I’ve been on both sides of some dodgy accommodation application processes: excluded from renting a room for being in a same-sex relationship, dropping out of an intrusive application process, and looking for a tenant for a room.
In 2014, I had a supposed tenant attempt to defraud me of personal details, in particular, my PayPal email address. They had already stolen someone’s identity to make the rental application. I assume they planned to use my details as part of further identity theft and/or fraud.
This kind of fraud is pretty common: my applicant was “on a cruise ship”, so they could “only email”. They couldn’t call, or inspect the room. They were happy with the “photos on the site of the house”, but wanted the exact address. (More potential identity theft!) They seemed to have no idea it was an apartment.
The person provided pictures of “herself”, but the two pictures didn’t seem to be of the same person. They were also a very poor resolution and quality – not what you’d expect of contemporary holiday snaps. The same photo(s) were also used on a LinkedIn profile and on various dating sites, under various names. Google reverse image search is an essential tool for discovering this kind of fraud.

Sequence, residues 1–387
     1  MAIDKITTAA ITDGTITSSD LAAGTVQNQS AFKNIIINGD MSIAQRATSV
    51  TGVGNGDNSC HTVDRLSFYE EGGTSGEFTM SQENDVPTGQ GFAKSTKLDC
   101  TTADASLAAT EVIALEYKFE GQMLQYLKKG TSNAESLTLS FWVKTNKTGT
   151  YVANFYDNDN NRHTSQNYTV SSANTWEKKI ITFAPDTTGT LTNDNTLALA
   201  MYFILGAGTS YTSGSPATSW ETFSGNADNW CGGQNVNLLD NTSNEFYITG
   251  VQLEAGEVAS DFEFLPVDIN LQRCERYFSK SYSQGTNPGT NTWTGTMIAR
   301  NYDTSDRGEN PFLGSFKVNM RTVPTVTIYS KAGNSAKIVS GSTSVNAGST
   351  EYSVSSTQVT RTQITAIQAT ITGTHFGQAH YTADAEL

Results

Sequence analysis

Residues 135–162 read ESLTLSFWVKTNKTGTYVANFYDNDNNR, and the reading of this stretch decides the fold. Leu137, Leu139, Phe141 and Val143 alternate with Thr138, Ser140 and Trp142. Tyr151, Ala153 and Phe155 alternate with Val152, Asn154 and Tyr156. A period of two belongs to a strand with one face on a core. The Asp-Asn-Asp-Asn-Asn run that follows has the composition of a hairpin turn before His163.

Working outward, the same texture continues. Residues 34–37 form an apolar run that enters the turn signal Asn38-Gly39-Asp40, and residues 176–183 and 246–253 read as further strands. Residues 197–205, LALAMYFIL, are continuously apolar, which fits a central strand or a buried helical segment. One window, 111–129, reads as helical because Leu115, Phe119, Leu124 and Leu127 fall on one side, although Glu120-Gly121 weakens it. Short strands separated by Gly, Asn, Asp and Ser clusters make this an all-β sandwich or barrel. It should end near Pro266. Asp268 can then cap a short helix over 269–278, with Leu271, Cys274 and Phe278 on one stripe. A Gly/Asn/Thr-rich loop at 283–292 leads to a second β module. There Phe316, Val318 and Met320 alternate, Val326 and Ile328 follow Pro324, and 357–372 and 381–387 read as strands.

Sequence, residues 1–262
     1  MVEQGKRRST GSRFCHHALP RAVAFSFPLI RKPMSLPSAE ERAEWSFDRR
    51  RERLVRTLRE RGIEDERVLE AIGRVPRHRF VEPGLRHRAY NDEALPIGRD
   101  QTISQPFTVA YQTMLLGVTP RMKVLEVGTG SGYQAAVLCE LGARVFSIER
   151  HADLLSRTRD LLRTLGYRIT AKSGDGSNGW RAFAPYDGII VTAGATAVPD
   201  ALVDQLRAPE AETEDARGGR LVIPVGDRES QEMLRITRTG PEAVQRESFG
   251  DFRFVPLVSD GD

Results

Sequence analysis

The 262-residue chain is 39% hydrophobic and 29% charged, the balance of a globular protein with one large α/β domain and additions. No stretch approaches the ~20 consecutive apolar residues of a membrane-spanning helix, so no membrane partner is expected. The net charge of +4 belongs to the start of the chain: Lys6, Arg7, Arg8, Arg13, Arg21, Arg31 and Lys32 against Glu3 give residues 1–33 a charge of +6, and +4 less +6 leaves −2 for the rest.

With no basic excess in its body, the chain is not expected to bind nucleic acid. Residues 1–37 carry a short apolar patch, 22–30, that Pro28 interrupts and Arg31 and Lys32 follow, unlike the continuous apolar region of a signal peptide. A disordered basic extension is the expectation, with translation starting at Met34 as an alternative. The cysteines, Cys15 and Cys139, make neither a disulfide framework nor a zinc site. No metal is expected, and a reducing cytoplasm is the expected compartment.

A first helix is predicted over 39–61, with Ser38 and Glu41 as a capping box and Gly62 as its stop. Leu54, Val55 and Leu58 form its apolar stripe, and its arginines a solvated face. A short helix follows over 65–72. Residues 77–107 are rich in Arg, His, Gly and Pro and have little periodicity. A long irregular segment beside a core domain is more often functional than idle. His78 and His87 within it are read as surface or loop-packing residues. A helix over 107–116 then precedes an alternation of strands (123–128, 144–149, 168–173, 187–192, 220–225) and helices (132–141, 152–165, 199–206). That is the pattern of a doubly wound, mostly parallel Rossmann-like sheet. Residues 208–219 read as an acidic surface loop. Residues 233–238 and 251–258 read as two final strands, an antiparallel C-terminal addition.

The scammer then used a name and email from a Facebook profile with a different picture. (I think the Facebook profile had been hacked.) Again, Googling email addresses and names uncovered this rather quickly.
The scammer wanted to pay for several months’ rent upfront to secure the room. This is really weird, but a terribly attractive offer when you’re sick of looking for tenants. (And, I have to admit, I felt sympathetic for their “difficult” situation.) They almost got some account details from me, because they said they wanted to pay thousands of dollars upfront.
But, as I searched online for the details they provided, the whole scam unravelled rather quickly.
I ended up reporting this scam to the real estate website, the State (well, Australian Capital Territory) and Federal Government Scam Watch websites, LinkedIn, and Facebook. Most of these sites took appropriate action quickly, except for Facebook, which seems to have a complaint threshold before a human gets involved.
(I hope) this is the end of my mini-series on accommodation search disasters.